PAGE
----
Stressful life events and the multiple stressful events encountered by the modern expatriate global worker can result in depression. Depression is a real concern in the workplace, because it is triggered by the high levels of stress often encountered by the modern worker, impacts performance, and correlates with a high risk of suicide. Moreover, depression has been observed to be one of the most common psychological problems among expatriates.

Most know that depression is a state of feeling sad and/or blue. Depression is not an uncommon feeling, but can become a serious medical condition when it persists for an extended period of time (e.g. more than two weeks); interferes with daily living; and negatively impacts how one feels, acts, and thinks. Serious episodes of depression have been described by medical professionals as a lengthy pit of despair marked by irrational thought. The number of depressive episodes a person experiences throughout his or her lifetime can vary and ranges from one episode to many.

Depression is also a significant concern for expatriate workers because it can have a snowball effect as they encounter the myriad stressors associated with relocation. Depressed individuals are less able to cope with stressors that they would otherwise be able to overcome. As a result, depression makes individuals encountering life-event stressors more susceptible to their physical and psychological effects. When depression renders a person unable to cope with stress, and that person encounters the normal stressors of relocation, the cumulative effect can be overwhelming and debilitating.

Since depressed individuals have a high risk of suicide, it is extremely important to be able to recognize the signs and symptoms of depression in order to prevent suicidal behavior among relocating employees. It is also worth noting that many people can hide emotional pain and pretend to be okay when they are not. Thus, monitoring for symptoms is an important exercise. Depressed individuals may exhibit many of these symptoms, while others may only exhibit a few. Furthermore, the severity of the symptoms can vary individually and over time.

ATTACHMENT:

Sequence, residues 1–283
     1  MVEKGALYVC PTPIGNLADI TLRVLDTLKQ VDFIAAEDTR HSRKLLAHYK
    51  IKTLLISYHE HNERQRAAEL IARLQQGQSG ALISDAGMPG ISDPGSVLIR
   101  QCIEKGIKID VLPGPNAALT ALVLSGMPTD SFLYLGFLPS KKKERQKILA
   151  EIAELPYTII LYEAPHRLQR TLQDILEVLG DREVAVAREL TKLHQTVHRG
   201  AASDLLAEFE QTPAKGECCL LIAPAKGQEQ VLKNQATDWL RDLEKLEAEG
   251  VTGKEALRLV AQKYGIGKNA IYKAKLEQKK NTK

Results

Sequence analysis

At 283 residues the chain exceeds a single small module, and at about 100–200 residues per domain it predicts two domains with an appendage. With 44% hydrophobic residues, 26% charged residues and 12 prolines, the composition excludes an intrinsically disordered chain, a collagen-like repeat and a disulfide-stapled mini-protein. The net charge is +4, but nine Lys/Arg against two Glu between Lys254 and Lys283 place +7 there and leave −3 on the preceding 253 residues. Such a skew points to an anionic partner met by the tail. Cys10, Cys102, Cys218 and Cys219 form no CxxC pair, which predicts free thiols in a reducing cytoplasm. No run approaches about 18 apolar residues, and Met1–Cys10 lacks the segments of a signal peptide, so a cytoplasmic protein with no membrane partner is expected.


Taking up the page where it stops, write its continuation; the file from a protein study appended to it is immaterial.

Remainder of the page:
Signs of Suicide

Most people would not be surprised to learn that traffic accidents are the leading cause of non-natural death for US citizens in foreign countries. What would surprise many, however, is that the third highest cause of non-natural death is suicide. Moreover, for most national populations, it is possible to extrapolate that data to the broader body of global travelers.

Similar to depression, suicidal individuals can appear to be perfectly fine while suffering great emotional pain. Thus, a key way to monitor expatriate persons and populations for suicide is to know the signs and symptoms.



Conclusions and Advice

Suicide is the third leading cause of non-natural death in US citizens abroad and is a major risk for other multinational expatriate workers. From the available data, we can surmise that there is a spiraling cycle that can lead from relocation stress to depression and, ultimately, suicide. Expatriate workers and their families experience significant degrees of stress. In this environment, both depression and suicide are risks encountered by all employers. As such, it is critical that employers minimize stress where possible, actively monitor for the warning signs of depression and suicide, and provide counseling programs for expatriates.